Written by Standard Issue


Q&A: Jo Brand

In the lead up to our big Standard Issue Stands Up For Comic Relief gig on Monday 11 May at the Lyric, we’re asking each of our line-up nine questions. First up: the awesome Jo Brand.

Jo BrandWe’ve been merrily banging on about our brilliant forthcoming gig for Comic Relief (Monday 11 May, The Lyric, Shaftesbury Avenue, ON SALE NOW). One of our first big announcements was the frankly marvellous Jo Brand, whose sharp, withering wit puts her among the UK’s finest comedians. She’s a damn fine writer and actor, too: Getting On, her sitcom set in the geriatric ward of an NHS hospital, co-written with Vicki Pepperdine and Joanna Scanlan, has picked up various awards and bagged Brand a BAFTA.

Whats the best thing thats ever happened to you onstage? 

I had a bread roll thrown at me at a gig at Durham University in 1989. Apart from the fact most of the cheese had fallen out, it was very nice. I’m not sure the thrower intended it as a snack.

Where do you get your inspiration for material?

A book called Falsework And Access Scaffolds In Tubular Steel.

When did you realise you were a feminist?

When I read The Female Eunuch as a pop-up book at the age of four.

Which women have inspired you and how?

Women who inspire me are kind, hard-working women who just get on with it and don’t complain. And these women are carers, mums, professional women, nurses, waitresses etc etc etc (See possible careers for women/feminism). Also, women who are a good laugh.

Jo Brand outsideIf you could befriend anyone from history, who would it be and why?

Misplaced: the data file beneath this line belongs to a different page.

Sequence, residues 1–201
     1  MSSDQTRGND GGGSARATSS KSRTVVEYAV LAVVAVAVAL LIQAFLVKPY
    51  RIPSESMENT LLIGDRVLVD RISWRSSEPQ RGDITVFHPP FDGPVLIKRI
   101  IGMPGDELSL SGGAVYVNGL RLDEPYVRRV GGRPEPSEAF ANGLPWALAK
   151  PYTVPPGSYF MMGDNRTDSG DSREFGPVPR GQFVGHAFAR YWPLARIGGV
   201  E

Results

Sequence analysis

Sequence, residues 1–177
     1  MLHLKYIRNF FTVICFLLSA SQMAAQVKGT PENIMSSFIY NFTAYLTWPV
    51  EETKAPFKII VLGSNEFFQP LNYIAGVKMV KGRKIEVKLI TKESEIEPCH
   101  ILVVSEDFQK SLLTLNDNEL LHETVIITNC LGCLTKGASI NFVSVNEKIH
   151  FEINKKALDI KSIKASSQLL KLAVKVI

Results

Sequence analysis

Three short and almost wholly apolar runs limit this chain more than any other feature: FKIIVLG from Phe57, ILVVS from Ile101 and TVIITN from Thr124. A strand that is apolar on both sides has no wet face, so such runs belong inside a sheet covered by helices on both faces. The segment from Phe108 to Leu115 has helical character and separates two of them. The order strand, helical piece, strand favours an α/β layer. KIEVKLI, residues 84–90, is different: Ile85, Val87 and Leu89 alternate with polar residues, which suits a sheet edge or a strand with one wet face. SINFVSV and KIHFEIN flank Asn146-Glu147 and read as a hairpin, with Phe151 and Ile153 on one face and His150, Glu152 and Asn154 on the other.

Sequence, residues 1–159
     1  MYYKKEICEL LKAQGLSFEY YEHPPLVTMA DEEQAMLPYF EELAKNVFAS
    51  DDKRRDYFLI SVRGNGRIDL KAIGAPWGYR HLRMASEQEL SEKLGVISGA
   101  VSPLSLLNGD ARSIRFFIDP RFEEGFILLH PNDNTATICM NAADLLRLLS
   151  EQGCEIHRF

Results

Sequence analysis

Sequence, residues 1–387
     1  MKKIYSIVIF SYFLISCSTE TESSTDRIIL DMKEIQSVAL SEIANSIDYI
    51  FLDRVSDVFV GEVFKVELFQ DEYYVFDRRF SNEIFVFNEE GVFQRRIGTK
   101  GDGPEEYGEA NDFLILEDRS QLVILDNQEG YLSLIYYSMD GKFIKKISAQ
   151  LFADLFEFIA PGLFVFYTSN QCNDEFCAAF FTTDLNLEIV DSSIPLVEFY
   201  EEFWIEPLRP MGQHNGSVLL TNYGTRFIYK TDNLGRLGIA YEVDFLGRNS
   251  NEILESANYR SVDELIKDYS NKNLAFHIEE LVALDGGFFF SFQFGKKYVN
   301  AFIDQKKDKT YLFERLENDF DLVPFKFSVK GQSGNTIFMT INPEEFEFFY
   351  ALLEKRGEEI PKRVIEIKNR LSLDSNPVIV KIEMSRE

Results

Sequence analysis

I would befriend Nye Bevan and ask him how he thought we could save the NHS from creeping privatisation and the Tory mob.

What were you like as a kid?

Polite and studious. Yes, I don’t know what happened either.

What brings you joy?

Joy visits often. Normally a cab brings her.

Please could you share the best bit of advice youve ever been given.

How do people remember bits of advice they’ve been given? I can’t even remember what happened last week. In fact the only bit of advice I’ve ever been given that I can remember was my mum saying: “All men are bastards” when I was a teenager. Was it helpful? On days when a man was being a bastard, it was very useful as a reinforcement. But it turned out not to be true. And also, it’s not really advice; it’s just a statement. Oh, there was her advice on how to iron shirts with the man still in them.

Whats always on your to do list that never gets done?

The housework, dinner, pedicure, manicure, hairdresser… Oh dear, not a proper lady.


Most people are well aware of the vital work Comic Relief does at home and overseas, but might not be as aware of the work it does with women. All the money raised by Standard Issue Stands Up for Comic Relief will be used to help vulnerable and disadvantaged women and girls here in the UK and across Africa.

From tackling violence against women, raising awareness and educating communities about the harm caused by female genital mutilation to ensuring that the number of women dying in childbirth across sub-Saharan Africa continues to fall, the cash raised will help to make a big difference to women and girls living incredibly tough lives.

Standard Issue Stands Up for Comic Relief is on Monday 11 May at The Lyric, Shaftesbury Avenue, London, 7:30pm.
Visit nimaxtheatres.com/lyric-theatre/standard_issue_stands_up_for_comic_relief for more information.
All profits from this event will be donated to Comic Relief.

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Written by Standard Issue